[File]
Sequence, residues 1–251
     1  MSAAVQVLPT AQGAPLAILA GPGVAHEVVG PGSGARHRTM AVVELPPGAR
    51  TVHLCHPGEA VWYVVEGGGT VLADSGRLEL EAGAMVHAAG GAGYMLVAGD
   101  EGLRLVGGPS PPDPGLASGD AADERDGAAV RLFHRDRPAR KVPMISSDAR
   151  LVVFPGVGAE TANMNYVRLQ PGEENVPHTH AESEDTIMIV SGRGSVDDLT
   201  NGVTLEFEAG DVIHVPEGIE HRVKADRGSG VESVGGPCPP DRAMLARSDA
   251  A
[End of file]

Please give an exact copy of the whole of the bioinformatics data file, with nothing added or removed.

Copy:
Sequence, residues 1–251
     1  MSAAVQVLPT AQGAPLAILA GPGVAHEVVG PGSGARHRTM AVVELPPGAR
    51  TVHLCHPGEA VWYVVEGGGT VLADSGRLEL EAGAMVHAAG GAGYMLVAGD
   101  EGLRLVGGPS PPDPGLASGD AADERDGAAV RLFHRDRPAR KVPMISSDAR
   151  LVVFPGVGAE TANMNYVRLQ PGEENVPHTH AESEDTIMIV SGRGSVDDLT
   201  NGVTLEFEAG DVIHVPEGIE HRVKADRGSG VESVGGPCPP DRAMLARSDA
   251  A